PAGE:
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Daily coverage of the Mariners during the season and all year long.

February 7, 2012 at 10:39 AM

Looking at the future: a Mariners, NBA, NHL sports network?

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Plenty of buzz around the city about the possibility of an NHL and NBA team coming here within the next couple of years.
That potential arrival of two new sports franchises will also coincide with the Mariners getting their opt-out clause on their current TV deal with ROOT Sports in 2015. As we have seen in the past, you don’t just start negotiating such deals on Dec. 31, 2014. The groundwork will have to be laid well in advance.
So, what do the Mariners do? Well, first off, they aren’t about to tell you, silly. That much hasn’t changed.
But with the value of local media deals soaring in baseball, it’s fair to assume the Mariners will at least explore the possibility of forming their own regional sports network (RSN). After all, the teams in their own division have done just that with varying results and Seattle will have to try to keep up.
The Houston Astros, who join the AL West next year, went ahead and formed their own network with the NBA’s Houston Rockets. The value of that business was deemed so high that it enabled one of the worst on-field performers in baseball the past few years to be sold recently for $610 million. And remember, there was a $70 million discount on top of that because the Astros are moving to the AL.
So, one of the worst teams in all of sport is now valued in the market at close to $700 million.
Then, you have the Texas Rangers, who were in bankruptcy court when they sold for $593 million in 2010. The reason their price was that high was because the Rangers had looked in to forming their own RSN with the NBA’s Dallas Mavericks. Local RSN Fox Sports Southwest was so alarmed by that threat that they upped their rights fees and struck a deal with the Rangers that covers 20 years and will pay anywhere from $1.6 billion to $3 billion depending on which reports you believe. Not only that, but Fox Sports paid the Rangers a $180 million up-front fee, which is how they can now afford $100 million plus to bring over Yu Darvish from Japan.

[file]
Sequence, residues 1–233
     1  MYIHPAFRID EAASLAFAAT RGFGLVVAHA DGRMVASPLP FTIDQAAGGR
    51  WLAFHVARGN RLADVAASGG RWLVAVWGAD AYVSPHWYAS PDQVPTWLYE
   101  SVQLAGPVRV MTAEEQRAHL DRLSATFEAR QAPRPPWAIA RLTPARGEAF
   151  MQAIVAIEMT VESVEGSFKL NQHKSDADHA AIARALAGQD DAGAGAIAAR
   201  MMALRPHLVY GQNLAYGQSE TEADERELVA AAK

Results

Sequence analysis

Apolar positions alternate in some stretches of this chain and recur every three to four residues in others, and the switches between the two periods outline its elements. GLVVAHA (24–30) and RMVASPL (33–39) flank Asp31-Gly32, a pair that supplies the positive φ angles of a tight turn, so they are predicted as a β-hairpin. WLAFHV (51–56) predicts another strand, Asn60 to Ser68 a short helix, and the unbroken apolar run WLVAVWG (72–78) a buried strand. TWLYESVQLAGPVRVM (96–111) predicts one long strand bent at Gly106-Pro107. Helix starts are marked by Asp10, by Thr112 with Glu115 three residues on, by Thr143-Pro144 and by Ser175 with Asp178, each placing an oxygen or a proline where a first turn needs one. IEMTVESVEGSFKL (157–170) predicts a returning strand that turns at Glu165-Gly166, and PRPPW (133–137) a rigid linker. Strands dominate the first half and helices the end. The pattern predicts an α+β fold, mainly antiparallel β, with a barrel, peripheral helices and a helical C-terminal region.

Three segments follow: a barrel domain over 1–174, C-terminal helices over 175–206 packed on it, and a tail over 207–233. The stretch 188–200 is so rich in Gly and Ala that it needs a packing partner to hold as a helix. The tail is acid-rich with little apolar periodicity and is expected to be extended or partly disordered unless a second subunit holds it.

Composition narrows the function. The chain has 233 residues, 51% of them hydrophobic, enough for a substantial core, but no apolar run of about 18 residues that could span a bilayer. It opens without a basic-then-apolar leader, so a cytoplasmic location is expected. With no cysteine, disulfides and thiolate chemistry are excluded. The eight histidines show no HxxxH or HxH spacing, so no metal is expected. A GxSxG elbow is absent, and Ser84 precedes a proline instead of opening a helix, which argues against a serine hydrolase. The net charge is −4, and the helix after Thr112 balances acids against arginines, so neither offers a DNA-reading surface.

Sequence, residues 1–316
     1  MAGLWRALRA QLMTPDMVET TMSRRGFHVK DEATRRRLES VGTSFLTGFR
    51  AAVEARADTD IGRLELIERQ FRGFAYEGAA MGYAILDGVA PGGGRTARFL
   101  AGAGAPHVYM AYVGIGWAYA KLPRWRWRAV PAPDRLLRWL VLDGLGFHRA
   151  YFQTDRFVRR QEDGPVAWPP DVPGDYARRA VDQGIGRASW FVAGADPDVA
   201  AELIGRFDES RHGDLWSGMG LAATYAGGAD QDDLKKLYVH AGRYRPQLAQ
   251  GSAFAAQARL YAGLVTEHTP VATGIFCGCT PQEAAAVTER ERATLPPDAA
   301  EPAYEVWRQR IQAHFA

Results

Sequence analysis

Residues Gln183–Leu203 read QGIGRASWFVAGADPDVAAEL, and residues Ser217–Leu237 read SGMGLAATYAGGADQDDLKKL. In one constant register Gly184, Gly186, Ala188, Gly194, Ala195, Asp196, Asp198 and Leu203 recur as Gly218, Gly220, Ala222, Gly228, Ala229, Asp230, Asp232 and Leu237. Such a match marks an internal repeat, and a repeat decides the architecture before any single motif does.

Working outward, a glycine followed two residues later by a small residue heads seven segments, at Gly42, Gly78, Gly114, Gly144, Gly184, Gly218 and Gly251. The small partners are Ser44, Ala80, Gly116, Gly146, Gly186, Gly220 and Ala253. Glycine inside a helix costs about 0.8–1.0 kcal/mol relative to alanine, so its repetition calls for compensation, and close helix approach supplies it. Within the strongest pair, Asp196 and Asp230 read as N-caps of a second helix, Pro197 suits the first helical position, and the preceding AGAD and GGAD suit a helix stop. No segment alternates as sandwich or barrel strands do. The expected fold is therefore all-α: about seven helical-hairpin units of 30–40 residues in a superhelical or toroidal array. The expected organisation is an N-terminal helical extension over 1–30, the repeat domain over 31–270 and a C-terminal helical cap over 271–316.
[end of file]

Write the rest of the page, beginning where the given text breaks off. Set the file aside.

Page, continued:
We’ve already talked about the $3 billion package secured by Angels owner Arte Moreno that enabled him to sign Albert Pujols as well as buy up any small Caribbean island he wants.
So now, what happens with the Mariners?


Well, their TV future can go a multitude of ways. They can try to leverage a better deal from ROOT Sports, owned by DirecTV. This can be done by threatening to move over to Comcast.
It can also be done by threatening to form their own network, which would, in essence, create yet another player locally.
There are pros and cons to such a move, namely the infrastructure required to set such a network up. In Houston, the Astros partnered with Comcast to form their network and were given a 38 percent ownership stake, while the Rockets got 38 percent and Comcast 24 percent.
Owning a network is a major cash cow for any team. Even in Cleveland, with attendance half of what it was in the 1990s and the local economy suffering, the Indians have been able to significantly increase payroll because of help from the RSN that they own.